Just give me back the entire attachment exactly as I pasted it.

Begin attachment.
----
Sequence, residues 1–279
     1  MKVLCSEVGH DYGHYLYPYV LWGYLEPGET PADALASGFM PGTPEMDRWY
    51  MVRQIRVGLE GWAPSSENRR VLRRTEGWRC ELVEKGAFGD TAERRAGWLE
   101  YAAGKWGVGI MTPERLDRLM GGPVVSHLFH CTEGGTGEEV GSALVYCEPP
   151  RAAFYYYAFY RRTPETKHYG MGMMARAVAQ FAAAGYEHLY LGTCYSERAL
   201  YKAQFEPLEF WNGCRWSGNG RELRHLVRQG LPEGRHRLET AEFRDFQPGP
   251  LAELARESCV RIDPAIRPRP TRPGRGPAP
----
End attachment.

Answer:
Sequence, residues 1–279
     1  MKVLCSEVGH DYGHYLYPYV LWGYLEPGET PADALASGFM PGTPEMDRWY
    51  MVRQIRVGLE GWAPSSENRR VLRRTEGWRC ELVEKGAFGD TAERRAGWLE
   101  YAAGKWGVGI MTPERLDRLM GGPVVSHLFH CTEGGTGEEV GSALVYCEPP
   151  RAAFYYYAFY RRTPETKHYG MGMMARAVAQ FAAAGYEHLY LGTCYSERAL
   201  YKAQFEPLEF WNGCRWSGNG RELRHLVRQG LPEGRHRLET AEFRDFQPGP
   251  LAELARESCV RIDPAIRPRP TRPGRGPAP